It turns out WhatsApp voice memos aren’t as secure as you thought.
According to researchers, crooks are using a new phishing campaign that mimics the popular feature to steal your money.
The scam is packaged in an email in which the attacker poses as WhatsApp, experts at cybersecurity firm Armorblox wrote The Wednesday.
It tells you that you’ve received a new private voicemail and need to tap a play button in the email to listen to it.
If you follow these instructions, you will end up on a website that will install malware on your device.
This shady download hunts and sucks data on your phone or PC and may expose you to credential theft.
It’s possible that attackers could then use usernames and passwords stolen with the software to access your online bank account.
“The socially engineered email was titled ‘New Incoming Voicemail’ and included a header in the email body that repeated the email title,” Armorblox wrote.
“The email body forged a secure message from WhatsApp, implying that the victim had received a new private voicemail.”
Apparently, the attack has already reached more than 28,000 inboxes.
It is largely aimed at companies in the healthcare, education and retail sectors.
The attacks are said to be so sophisticated that they can easily bypass Microsoft and Google email security filters.
It’s unclear who is behind the attacks, but they appear to be conducting their operations through Russian websites, researchers said.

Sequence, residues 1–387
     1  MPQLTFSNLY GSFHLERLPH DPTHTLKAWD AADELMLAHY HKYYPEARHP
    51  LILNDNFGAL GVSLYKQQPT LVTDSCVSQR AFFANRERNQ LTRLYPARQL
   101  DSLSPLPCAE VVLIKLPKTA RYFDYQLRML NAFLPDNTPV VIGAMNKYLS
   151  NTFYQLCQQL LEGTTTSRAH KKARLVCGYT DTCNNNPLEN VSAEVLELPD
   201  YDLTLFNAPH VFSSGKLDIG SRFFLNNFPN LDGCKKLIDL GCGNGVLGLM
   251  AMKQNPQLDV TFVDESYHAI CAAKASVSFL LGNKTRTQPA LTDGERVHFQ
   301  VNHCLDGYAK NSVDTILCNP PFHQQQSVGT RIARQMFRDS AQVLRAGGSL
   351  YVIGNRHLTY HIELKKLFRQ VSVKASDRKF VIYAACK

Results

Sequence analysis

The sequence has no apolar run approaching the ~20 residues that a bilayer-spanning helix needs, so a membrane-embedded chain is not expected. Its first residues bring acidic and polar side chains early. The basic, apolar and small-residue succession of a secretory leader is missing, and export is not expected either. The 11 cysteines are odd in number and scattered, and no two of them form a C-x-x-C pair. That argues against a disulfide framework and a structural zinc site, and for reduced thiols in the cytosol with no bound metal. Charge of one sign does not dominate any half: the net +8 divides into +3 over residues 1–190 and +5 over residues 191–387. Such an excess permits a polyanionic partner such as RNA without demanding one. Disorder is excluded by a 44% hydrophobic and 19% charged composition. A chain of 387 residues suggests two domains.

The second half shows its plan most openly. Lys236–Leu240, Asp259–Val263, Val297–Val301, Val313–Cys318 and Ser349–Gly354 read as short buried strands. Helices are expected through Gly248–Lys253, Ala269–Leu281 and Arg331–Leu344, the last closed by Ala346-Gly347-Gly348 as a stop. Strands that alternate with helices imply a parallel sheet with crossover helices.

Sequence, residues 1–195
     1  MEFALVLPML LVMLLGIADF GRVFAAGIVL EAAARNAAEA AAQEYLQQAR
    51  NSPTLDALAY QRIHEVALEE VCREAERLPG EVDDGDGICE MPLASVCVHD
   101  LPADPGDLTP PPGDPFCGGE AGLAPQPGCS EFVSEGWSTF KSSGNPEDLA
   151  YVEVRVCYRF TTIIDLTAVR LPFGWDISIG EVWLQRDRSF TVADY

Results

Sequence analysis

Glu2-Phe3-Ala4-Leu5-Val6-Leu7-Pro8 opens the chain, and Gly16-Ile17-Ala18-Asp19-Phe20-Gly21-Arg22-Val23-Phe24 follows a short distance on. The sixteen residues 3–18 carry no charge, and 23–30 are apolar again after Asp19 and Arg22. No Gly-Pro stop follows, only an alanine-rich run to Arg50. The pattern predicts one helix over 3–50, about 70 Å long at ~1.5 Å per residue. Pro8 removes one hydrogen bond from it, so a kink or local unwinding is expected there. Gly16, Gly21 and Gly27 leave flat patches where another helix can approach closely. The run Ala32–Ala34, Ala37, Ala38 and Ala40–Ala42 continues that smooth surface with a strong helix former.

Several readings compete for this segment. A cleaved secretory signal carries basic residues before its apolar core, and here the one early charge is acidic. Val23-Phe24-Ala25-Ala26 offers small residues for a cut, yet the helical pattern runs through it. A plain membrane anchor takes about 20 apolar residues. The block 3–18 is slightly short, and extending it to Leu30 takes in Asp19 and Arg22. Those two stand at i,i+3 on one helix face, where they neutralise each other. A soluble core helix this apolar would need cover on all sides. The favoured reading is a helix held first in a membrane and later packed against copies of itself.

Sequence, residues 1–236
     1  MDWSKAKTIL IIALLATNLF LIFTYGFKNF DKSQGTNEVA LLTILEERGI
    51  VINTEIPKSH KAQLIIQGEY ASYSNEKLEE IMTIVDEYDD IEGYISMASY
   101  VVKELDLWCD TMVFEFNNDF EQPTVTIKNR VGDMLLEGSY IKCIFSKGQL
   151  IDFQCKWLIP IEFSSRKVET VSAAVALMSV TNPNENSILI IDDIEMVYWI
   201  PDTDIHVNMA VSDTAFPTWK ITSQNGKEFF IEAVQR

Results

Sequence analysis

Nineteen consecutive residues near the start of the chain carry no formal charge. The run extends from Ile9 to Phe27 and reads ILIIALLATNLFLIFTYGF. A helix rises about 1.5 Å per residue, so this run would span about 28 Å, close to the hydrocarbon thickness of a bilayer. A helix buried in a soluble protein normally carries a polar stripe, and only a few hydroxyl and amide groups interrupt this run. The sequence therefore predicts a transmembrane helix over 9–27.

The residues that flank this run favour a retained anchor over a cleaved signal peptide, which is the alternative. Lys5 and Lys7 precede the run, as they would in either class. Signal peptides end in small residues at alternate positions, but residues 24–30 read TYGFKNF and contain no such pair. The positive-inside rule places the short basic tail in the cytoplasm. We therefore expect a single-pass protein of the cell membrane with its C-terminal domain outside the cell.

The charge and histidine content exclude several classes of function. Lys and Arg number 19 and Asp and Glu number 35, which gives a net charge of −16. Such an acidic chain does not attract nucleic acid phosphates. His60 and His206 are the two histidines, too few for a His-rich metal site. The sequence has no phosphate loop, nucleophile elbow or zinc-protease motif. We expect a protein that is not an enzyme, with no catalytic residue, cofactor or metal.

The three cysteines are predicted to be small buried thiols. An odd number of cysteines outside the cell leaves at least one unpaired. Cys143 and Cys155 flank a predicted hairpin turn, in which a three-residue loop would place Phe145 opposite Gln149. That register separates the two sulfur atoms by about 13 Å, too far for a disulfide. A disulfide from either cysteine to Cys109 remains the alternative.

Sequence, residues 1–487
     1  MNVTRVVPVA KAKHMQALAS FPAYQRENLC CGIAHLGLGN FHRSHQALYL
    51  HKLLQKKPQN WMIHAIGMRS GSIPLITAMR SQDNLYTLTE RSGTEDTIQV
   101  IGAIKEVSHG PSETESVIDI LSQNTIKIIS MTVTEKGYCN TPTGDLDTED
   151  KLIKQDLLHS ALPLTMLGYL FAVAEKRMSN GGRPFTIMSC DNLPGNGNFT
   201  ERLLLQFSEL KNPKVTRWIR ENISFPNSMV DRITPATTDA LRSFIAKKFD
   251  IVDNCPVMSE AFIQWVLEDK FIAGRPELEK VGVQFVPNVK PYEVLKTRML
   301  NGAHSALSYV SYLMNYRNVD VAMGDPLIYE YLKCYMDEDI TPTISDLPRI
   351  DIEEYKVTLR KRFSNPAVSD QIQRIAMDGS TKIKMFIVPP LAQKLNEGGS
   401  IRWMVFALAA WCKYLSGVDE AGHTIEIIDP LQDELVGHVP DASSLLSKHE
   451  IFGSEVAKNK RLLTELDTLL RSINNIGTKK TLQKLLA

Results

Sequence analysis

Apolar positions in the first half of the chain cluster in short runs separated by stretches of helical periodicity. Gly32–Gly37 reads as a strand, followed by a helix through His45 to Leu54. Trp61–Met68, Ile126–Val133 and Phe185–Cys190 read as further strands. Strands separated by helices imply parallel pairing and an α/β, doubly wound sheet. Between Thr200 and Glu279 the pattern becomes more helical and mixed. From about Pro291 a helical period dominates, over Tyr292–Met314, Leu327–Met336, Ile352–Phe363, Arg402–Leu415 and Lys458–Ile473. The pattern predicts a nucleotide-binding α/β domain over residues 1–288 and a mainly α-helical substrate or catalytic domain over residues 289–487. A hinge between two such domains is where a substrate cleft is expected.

However, this does not confirm that the hackers are Russians as they may have taken control of the domain from another country.
It is one of a growing number of phishing campaigns targeting individuals and businesses in the West since the outbreak of the Covid-19 pandemic.
Phishing attacks lure victims to a website that appears to be operated by a trusted entity, such as B. a bank, a social media platform or another service.
However, the website is fake with fake content designed to trick you into entering sensitive information like password or email address.
Attacks are most commonly spread via email, but can also be contained in messages sent via chat apps like WhatsApp.
It is recommended that users protect themselves from attacks by installing security software on their devices and setting up two-factor authentication for their online accounts.
Be suspicious of messages sent to you by strangers and avoid opening attachments or downloading files sent in messages or emails unless you completely trust the sender.
If you are concerned that you have been scammed by a financial scam, the first thing you should do is contact your bank.
You should then report it to ActionFraud. your site is actionfraud.police.ukand her phone number is 0300 123 2040.
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https://www.thesun.ie/tech/8611206/whatsapp-warning-voice-note-empty-bank/ If you tap on “Voice Note”, your bank can be emptied in seconds